The 25th Southern Writers Symposium, “Celebrating Emerging Writers: A Weekend of Readings, Panels, and Workshops,” will take place on the campus of Methodist University Oct. 23-24.
The 25th Southern Writers Symposium, “Celebrating Emerging Writers: A Weekend of Readings, Panels, and Workshops,” will take place on the campus of Methodist University Oct. 23-24. The event is open to the public, but registration is required. MU students, faculty, and staff can attend at no cost, or for $10 if they also attend the lunch on Saturday. The cost for all others to register is $50.
“This year’s Southern Writers Symposium will feature some fine writers and great workshops,” said Brenda Jernigan, director of the Southern Writers Symposium. “We are also excited to have a variety of voices featured at this year’s Symposium. Southern literature often centers around voice, and we want to have as many voices represented as possible.”
The Symposium will begin Friday, Oct. 23, with on-site registration at 3 p.m. in the Union-Zukowski Lobby and Gallery in the John M. Reeves Fine Arts Building. Afternoon readings and workshops begin at 3:30. An introduction of the Emerging Writers Poetry Contest winners will take place at 7 p.m., followed by a reading by Madge McKeithen entitled, “Art and Writing: The Evocative Nature of Imagery and Place.”
Photographer Bryce Lankard will also be on hand to answer questions about his exhibit that marks the 10th anniversary of Hurricane Katrina. “Land of Dreams” is a 20-year documentary project of life in New Orleans and the Gulf South before the hurricane, currently displayed in the Union-Zukowski Lobby.
On Saturday, Oct. 24, on-site registration will begin at 8:30 a.m. in the Medical Lecture Hall foyer. Book sales will be available 8:30 to 11:30 a.m., with authors on hand to sign purchased copies. Panels, workshops, and readings will take place at 9:00 a.m. and 10:15 a.m. At 11:45 a.m., participants will gather in the Alumni Dining Room in the Berns Student Center for lunch and to listen to keynote speaker Nathan Poole, author of “Father Brother Keeper” and winner of the Mary McCarthy Prize in Short Fiction. Following the reading, the 2015 Emerging Writers Short Story Contest Winners will be recognized.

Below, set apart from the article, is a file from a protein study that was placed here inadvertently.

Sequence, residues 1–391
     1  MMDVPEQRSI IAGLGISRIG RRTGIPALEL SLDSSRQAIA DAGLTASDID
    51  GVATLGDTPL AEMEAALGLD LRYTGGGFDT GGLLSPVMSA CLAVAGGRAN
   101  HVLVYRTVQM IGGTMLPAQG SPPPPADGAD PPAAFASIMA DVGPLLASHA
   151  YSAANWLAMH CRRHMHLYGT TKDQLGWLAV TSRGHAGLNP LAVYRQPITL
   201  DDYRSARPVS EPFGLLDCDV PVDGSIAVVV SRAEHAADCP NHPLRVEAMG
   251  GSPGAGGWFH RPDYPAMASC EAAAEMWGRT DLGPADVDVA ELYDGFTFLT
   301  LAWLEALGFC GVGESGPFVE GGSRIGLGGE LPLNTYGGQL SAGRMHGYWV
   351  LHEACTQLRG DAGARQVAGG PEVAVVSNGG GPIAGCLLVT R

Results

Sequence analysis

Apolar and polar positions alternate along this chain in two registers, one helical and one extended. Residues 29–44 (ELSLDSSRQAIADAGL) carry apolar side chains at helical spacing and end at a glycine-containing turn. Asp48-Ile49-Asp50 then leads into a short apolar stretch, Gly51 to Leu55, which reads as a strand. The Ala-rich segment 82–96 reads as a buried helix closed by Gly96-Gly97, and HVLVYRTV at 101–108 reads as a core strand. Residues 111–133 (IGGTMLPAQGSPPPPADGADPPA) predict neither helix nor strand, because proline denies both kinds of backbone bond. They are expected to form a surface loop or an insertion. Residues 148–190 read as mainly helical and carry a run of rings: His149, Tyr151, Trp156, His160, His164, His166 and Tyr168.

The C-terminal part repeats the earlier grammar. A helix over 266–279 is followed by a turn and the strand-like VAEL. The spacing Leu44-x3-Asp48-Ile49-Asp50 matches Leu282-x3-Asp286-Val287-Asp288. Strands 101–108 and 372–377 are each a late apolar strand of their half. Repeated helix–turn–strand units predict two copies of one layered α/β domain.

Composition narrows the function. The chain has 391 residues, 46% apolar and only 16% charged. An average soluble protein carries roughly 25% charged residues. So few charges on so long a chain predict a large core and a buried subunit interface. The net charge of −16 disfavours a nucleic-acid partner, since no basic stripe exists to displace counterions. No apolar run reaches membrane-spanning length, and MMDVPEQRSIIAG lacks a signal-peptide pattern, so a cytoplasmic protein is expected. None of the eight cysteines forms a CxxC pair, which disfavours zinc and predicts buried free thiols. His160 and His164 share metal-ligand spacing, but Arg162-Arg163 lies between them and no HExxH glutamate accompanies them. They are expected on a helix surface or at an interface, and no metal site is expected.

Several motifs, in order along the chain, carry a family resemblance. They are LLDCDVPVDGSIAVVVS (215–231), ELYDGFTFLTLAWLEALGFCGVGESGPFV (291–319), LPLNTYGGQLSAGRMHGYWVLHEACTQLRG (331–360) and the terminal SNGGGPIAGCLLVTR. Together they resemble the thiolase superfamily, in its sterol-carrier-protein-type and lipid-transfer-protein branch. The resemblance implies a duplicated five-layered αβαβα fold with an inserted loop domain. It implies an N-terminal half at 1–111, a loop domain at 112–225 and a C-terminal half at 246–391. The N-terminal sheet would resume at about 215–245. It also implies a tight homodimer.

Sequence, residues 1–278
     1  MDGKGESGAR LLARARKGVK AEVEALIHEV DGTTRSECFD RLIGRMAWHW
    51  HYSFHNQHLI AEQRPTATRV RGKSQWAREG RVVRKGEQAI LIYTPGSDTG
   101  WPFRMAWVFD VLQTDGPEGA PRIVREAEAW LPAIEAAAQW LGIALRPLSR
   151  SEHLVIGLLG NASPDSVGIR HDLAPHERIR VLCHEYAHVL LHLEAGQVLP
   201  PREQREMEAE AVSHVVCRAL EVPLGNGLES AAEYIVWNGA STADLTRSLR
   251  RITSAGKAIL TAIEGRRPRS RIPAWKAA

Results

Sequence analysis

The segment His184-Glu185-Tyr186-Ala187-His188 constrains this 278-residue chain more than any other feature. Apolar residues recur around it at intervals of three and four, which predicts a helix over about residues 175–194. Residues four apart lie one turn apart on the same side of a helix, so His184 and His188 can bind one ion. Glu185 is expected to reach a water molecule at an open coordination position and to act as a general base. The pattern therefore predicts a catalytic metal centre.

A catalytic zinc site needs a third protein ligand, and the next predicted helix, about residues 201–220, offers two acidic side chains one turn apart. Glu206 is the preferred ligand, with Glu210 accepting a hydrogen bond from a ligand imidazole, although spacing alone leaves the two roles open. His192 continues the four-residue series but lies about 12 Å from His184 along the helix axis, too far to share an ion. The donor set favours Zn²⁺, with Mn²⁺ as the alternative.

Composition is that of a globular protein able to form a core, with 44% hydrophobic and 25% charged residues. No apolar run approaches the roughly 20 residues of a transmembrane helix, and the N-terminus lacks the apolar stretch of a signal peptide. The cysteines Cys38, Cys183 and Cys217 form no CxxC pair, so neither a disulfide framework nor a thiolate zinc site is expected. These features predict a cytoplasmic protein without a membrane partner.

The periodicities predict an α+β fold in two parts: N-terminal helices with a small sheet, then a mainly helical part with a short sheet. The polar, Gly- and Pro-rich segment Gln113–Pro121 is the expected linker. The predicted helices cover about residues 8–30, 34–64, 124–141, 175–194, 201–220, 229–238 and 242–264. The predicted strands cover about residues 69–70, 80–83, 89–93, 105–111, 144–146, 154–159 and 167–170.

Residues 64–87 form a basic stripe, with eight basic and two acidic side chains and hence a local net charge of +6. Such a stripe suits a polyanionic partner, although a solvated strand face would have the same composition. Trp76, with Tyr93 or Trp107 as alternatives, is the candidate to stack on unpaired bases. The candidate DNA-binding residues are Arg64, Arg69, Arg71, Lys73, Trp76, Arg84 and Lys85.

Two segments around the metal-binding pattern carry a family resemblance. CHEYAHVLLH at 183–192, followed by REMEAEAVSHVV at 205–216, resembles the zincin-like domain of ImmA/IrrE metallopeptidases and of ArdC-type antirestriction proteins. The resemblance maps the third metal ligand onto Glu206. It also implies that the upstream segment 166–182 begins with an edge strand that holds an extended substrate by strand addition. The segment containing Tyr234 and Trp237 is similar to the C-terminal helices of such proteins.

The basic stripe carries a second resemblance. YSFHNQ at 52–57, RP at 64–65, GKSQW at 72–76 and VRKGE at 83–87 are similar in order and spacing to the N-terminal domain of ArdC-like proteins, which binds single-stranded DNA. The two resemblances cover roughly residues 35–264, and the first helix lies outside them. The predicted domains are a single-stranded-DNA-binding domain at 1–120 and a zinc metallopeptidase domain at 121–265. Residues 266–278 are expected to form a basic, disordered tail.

The Southern Writers Symposium began in 1981 with the world premiere of the musical “Raft on the River,” based on the novel “Huckleberry Finn,” at Methodist College. Since then, the symposium has featured a variety of themes, including “The Idea of Home in Southern Literature,” “Southern Literature to 1900,” and “History in/and/of Southern Literature.”
For more information on this event or to register, visit methodist.edu/sws.
About the Speakers
Madge McKeithen (pictured) grew up in eastern North Carolina before attending the College of William and Mary, and later, Johns Hopkins School of Advanced International Studies. Her first book, “Blue Peninsula,” was published in 2006 and tells of McKeithen’s turn to poetry in the wake of her son’s undiagnosed degenerative neurological disorder. In 2011, her essay “What Really Happened” appeared in “Best American Essays.” McKeithen is currently at work on a collection of essays about her father and home.
Nathan Poole is a graduate of the Master of Fine Arts program for writers at Warren Wilson College. His story “Stretch Out Your Hand” won first place in “Narrative’s” Fall 2011 Story Contest and received the Narrative Prize in 2012. His stories have appeared in “The Kenyon Review,” “The Sun,” “The Saturday Evening Post,” and others. His novella, “Pathkiller as the Holy Ghost,” was awarded the 2014 Quarterly West novella prize and was published by “Quarterly West.” Poole’s story collection, “Father Brother Keeper,” was named the 2013 winner of the Mary McCarthy Prize in Short Fiction.
Photographer Bryce Lankard is a graduate of UNC-Chapel Hill. In 1995, he co-founded “Tribe Magazine” in New Orleans, and served as creative director. After living in New York for nine years, Lankard returned to New Orleans in 2006, after Hurricane Katrina, and co-founded the nonprofit New Orleans Photos Alliance. Since returning to North Carolina in 2009, he has taught at the ArtsCenter in Carrboro, N.C., and developed FRANK: In Focus Photography Festival.